If the table has a multiple-column index, any leftmost prefix of the index can be used by the optimizer to find rows. For example, if you have a three-column index on (col1, col2, col3), you have indexed search capabilities on (col1), (col1, col2), and (col1, col2, col3).
MySQL cannot use an index if the columns do not form a leftmost prefix of the index. Suppose that you have the SELECT statements shown here:
SELECT * FROM tbl_name WHERE col1=val1;
SELECT * FROM tbl_name WHERE col1=val1 AND col2=val2;
SELECT * FROM tbl_name WHERE col2=val2;
SELECT * FROM tbl_name WHERE col2=val2 AND col3=val3;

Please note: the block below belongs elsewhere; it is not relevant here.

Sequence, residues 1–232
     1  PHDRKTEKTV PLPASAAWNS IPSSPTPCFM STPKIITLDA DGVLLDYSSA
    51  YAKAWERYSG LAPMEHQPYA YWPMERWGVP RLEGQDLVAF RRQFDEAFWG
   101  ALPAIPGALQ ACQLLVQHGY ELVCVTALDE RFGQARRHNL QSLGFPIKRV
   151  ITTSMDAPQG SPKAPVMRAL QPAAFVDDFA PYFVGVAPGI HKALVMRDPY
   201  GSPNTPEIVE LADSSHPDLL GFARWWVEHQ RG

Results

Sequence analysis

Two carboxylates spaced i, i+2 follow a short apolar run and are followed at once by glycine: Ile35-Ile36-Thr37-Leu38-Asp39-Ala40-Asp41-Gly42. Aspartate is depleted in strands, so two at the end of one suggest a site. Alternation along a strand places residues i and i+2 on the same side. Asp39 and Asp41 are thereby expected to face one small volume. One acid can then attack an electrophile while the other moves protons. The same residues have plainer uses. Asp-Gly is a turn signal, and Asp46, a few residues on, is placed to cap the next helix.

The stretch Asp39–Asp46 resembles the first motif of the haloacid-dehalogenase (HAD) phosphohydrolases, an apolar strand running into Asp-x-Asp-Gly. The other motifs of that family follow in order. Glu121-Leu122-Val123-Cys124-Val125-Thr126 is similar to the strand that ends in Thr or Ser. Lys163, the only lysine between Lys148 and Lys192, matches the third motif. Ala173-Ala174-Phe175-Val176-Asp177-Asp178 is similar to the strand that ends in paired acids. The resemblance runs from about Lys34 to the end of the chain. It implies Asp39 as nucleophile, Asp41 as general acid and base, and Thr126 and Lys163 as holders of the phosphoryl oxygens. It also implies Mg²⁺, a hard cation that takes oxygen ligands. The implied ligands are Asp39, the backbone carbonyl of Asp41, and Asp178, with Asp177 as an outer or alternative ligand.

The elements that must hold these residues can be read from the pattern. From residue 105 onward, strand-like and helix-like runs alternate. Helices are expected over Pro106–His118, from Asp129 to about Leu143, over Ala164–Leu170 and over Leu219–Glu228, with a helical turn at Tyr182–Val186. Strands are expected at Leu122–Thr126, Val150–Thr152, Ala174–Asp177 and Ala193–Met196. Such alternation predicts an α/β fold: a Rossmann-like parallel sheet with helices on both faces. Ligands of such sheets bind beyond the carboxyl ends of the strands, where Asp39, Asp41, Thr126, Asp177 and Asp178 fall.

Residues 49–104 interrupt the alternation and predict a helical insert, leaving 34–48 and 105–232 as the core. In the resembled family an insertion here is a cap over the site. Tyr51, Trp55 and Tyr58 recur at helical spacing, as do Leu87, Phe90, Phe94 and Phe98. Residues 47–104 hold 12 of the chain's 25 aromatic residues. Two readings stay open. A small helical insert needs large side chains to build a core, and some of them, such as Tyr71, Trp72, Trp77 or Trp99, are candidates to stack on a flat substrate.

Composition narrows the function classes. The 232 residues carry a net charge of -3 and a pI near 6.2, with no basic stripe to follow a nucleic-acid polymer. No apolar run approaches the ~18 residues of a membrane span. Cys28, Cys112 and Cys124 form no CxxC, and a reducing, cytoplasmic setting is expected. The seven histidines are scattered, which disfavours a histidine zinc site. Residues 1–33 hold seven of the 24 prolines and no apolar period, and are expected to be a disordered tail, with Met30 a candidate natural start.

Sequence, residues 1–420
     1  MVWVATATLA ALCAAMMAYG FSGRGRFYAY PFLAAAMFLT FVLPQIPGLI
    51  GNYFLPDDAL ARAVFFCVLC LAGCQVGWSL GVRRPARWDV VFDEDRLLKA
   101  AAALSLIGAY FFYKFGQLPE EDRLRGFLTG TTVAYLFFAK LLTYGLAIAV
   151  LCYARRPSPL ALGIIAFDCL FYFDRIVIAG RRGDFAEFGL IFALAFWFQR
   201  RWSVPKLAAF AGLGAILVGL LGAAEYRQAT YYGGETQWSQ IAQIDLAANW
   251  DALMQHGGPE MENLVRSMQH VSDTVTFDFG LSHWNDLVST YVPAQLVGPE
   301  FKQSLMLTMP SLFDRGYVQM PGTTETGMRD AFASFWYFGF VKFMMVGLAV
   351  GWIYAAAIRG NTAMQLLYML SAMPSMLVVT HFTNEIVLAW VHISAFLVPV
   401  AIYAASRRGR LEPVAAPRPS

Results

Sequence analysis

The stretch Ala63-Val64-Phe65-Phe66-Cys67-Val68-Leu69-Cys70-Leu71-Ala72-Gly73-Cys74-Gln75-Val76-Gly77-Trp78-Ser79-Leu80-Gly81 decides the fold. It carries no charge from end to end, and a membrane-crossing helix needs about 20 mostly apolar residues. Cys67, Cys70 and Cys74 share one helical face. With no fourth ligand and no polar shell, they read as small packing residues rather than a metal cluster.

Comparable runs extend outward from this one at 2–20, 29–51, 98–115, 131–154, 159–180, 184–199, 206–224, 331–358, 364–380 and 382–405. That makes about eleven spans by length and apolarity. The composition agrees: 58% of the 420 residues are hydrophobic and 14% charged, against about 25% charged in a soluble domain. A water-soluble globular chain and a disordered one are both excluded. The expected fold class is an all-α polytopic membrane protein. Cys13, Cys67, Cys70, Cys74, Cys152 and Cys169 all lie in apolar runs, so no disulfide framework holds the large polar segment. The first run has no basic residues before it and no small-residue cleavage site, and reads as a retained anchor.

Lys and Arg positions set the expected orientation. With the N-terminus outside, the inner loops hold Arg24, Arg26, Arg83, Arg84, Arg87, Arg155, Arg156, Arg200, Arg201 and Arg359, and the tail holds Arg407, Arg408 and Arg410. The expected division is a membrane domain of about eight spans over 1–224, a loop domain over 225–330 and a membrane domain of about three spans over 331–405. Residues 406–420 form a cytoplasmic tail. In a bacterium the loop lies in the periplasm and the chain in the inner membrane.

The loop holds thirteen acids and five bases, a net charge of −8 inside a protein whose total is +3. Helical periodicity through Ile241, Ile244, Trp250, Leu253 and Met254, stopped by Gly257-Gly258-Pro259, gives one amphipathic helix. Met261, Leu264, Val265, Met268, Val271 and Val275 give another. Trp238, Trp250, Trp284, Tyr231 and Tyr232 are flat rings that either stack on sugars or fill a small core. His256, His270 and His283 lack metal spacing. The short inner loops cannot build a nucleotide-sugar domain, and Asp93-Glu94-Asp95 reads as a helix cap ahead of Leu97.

If an index exists on (col1, col2, col3), only the first two queries use the index. The third and fourth queries do involve indexed columns, but (col2) and (col2, col3) are not leftmost prefixes of (col1, col2, col3).
Also usually MySQL just uses 1 index per query. In rare cases it may use multiple indexes for a query. This is called index-merge. Explanation of why MySQL uses just 1 index per query :